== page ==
Before last year, companies hadn’t put much thought into their products' harmonized tariff schedule (HTS).
But when the United States began taking new tariff actions, countries around the world responded in kind. This summer, additional tariffs of 10 to 25 percent were imposed on steel, aluminum, automobiles and auto parts, and uranium imports from many countries and diverse groups of items from China.
The first thing a company should do to respond to the U.S. Tariff Actions (Section 301 Tariffs, Section 232 Tariffs) is to review the classification of the products that the company imports. The HTS “classifies” a good based on its name, use and/or the material used in its construction and assigns it a ten-digit classification code number. There are over 17,000 unique classification code numbers and each number has a rate of duty associated with it. The classification process is complex and requires a deep understanding of the products being classified.
Classification: Now many companies are re-engineering their supply chains with HTS numbers being central to the overall redesign effort. Accordingly, the most important thing that must be done is to correctly classify imported items. Tariffs of 10 to 25 percent are a huge motivator to ensuring correct classification. It is very important not to solely rely on customs brokers or freight forwarders to determine the classification. They don’t know anything about the company’s products. Companies can work with these service providers, leveraging their understanding of the law and analysis required to classify an item. But companies must be involved to provide product details such as size, performance characteristics and functionality.
Tariff Engineering: Once an item is correctly classified, companies can look at options such as altering a product or using different materials to result in a different HTS. Other means of tariff engineering include partial assembly or removal of essential functionality. Tariff engineering is a very legitimate way to leverage product design to lower duties.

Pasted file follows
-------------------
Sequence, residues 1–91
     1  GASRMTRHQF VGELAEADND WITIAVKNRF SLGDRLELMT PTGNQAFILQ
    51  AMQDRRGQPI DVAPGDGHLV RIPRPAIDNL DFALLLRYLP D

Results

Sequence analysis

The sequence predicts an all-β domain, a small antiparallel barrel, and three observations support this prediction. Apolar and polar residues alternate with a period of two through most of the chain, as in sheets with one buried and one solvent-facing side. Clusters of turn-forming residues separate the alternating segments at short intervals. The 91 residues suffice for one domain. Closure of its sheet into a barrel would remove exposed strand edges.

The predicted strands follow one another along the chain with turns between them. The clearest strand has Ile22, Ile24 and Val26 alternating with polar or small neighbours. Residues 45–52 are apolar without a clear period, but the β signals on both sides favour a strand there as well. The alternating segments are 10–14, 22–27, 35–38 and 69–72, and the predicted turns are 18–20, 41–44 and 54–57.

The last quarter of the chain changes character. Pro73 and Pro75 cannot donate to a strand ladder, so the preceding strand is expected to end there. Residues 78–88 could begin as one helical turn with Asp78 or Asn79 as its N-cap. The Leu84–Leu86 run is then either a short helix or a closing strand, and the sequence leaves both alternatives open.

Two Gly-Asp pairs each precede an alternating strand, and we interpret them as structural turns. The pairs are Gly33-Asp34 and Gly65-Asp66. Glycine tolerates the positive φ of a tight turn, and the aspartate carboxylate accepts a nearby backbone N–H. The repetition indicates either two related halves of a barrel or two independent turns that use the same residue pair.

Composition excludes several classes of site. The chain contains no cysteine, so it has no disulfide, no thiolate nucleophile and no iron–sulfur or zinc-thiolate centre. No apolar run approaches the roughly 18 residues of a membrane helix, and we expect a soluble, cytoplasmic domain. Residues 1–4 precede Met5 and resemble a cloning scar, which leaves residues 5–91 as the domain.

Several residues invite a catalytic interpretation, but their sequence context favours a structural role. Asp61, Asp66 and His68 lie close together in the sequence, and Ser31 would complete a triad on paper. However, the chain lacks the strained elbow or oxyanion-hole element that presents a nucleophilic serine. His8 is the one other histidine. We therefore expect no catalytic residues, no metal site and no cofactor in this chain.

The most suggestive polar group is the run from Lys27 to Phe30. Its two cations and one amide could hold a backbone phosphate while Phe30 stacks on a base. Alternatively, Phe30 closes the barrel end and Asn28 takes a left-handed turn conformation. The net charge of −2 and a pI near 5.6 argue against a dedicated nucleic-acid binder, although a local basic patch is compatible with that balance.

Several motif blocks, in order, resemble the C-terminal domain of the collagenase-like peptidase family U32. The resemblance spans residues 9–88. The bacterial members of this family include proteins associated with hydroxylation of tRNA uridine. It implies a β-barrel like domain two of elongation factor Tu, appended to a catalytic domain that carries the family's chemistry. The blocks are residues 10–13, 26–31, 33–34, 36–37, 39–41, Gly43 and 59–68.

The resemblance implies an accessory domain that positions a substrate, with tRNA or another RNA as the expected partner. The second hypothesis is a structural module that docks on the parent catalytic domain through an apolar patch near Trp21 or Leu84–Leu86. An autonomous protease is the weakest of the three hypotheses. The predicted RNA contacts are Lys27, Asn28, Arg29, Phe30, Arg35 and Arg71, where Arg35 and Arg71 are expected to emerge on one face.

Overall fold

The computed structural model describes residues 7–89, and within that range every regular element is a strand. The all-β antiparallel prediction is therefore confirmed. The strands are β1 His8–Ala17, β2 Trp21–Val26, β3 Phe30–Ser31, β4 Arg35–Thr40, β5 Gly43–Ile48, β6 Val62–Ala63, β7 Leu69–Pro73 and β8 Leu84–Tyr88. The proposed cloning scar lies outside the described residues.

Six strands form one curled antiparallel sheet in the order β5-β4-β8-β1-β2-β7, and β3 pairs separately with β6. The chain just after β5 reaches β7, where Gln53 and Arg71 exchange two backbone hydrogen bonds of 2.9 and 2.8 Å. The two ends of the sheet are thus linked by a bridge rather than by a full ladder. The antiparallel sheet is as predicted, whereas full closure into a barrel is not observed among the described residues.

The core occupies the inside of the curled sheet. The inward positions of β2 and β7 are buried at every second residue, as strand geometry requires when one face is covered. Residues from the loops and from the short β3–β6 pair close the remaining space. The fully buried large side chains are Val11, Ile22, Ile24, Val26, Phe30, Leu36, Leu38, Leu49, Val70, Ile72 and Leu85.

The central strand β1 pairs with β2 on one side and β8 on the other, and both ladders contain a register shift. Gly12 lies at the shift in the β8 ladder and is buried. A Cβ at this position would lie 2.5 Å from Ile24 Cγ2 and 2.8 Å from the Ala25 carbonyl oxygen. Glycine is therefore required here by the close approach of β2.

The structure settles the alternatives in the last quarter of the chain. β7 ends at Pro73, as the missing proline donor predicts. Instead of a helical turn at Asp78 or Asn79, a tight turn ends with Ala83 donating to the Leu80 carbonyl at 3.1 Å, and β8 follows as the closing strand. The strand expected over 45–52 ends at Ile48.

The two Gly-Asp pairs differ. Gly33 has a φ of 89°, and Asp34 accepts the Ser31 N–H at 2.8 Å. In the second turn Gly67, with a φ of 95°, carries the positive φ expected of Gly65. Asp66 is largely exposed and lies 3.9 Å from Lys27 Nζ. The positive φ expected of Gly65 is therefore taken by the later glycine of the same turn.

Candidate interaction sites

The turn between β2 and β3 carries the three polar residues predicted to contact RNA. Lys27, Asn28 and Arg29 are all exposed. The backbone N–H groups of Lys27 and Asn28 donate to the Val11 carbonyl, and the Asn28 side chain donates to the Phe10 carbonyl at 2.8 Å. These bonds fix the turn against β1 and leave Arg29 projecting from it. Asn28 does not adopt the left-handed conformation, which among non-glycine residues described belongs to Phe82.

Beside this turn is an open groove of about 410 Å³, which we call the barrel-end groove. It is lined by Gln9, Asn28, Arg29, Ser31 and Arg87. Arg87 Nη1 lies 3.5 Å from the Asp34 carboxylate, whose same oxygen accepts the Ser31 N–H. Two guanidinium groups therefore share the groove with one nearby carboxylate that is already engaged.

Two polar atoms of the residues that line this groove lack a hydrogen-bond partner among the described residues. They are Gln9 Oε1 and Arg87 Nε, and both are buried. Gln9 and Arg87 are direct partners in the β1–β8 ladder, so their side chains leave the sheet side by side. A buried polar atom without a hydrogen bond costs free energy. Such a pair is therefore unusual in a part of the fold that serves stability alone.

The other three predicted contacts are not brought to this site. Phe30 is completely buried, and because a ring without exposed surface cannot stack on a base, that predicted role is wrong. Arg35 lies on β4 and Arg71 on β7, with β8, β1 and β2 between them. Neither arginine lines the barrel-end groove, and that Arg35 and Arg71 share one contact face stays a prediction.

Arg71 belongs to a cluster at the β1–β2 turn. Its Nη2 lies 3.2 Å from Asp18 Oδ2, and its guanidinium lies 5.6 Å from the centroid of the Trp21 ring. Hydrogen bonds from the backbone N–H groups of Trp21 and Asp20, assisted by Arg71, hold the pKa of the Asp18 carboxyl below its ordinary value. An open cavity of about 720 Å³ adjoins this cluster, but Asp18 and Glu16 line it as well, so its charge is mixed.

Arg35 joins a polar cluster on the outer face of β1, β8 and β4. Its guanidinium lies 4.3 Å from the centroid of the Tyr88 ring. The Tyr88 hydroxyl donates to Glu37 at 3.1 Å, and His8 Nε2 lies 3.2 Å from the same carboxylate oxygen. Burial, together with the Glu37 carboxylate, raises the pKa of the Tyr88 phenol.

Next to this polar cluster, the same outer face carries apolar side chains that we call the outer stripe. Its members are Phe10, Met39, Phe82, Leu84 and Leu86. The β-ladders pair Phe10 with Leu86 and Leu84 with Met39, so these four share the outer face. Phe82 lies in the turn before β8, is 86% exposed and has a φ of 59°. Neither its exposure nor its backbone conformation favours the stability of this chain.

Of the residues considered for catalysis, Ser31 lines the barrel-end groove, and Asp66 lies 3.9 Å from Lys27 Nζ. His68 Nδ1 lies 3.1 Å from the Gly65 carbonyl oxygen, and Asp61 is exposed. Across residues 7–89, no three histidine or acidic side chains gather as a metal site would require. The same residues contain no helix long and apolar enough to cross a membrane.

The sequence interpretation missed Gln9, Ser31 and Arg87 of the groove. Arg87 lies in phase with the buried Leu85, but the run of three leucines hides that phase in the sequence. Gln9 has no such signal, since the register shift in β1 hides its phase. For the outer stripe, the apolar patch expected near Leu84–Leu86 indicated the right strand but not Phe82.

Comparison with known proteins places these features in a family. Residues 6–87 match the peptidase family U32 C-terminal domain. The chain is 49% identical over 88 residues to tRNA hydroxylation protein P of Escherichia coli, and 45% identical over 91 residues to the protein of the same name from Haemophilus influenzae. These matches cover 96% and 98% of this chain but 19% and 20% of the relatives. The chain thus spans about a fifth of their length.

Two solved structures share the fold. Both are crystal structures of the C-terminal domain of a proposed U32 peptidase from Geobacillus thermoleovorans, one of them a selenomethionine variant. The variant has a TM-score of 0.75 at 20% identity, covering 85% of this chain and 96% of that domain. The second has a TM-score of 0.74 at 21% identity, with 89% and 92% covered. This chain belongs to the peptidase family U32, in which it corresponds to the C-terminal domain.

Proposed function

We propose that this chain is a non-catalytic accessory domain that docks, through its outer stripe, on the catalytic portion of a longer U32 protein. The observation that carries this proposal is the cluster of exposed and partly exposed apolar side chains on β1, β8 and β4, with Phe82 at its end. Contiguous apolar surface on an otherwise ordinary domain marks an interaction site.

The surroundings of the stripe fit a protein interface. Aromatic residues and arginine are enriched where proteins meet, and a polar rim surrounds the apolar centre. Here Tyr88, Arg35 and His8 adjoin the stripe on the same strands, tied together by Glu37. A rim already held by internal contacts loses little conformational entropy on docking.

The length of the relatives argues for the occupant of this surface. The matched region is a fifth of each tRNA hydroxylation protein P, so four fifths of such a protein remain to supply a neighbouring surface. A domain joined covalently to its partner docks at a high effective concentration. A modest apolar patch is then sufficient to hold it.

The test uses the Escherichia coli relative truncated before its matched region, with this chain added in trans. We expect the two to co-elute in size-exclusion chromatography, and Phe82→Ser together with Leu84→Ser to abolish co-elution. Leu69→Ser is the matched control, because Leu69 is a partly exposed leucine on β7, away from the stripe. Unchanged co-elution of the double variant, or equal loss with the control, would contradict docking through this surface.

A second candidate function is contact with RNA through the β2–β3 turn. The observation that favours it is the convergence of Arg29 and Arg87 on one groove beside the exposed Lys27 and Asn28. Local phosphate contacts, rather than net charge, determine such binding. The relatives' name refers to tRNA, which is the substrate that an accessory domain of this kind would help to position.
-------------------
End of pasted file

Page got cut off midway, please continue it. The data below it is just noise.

Country of Origin: If a company can’t engineer a lower duty rate, the next option is to source the goods from a country that is not subject to the higher duty rates. This can be an expensive and costly undertaking but may be the only way to profitably manufacture an item.
Classifying products is essential to understanding a company’s Cost of Goods Sold (COGS). But many companies forget to ensure that their customs broker gets the classifications. One best practice is to include the HTS number on the commercial invoice. And more advanced companies include both the origin and destination harmonized codes.
Leading companies obtain their free Automated Commercial Environment (ACE) accounts from Customs and Border Protection (CBP) and run the Entry Summary Lines by HTS number report. They prioritize the report by the highest duty paid by HTS number. They take these items and review their classification for accuracy. They also review the country of origin that was declared to CBP to ensure it was accurately declared.
2018 was the year of the tariffs and we don’t expect them to go away any time soon. Currently the U.S. faces retaliatory actions from China, the EU, India, Turkey, Russia, Canada and Mexico. It’s critical that companies do their own classification so that they can completely understand what taxes, tariffs and controls they will be subjected to.
Beth Pride is president of BPE Global.
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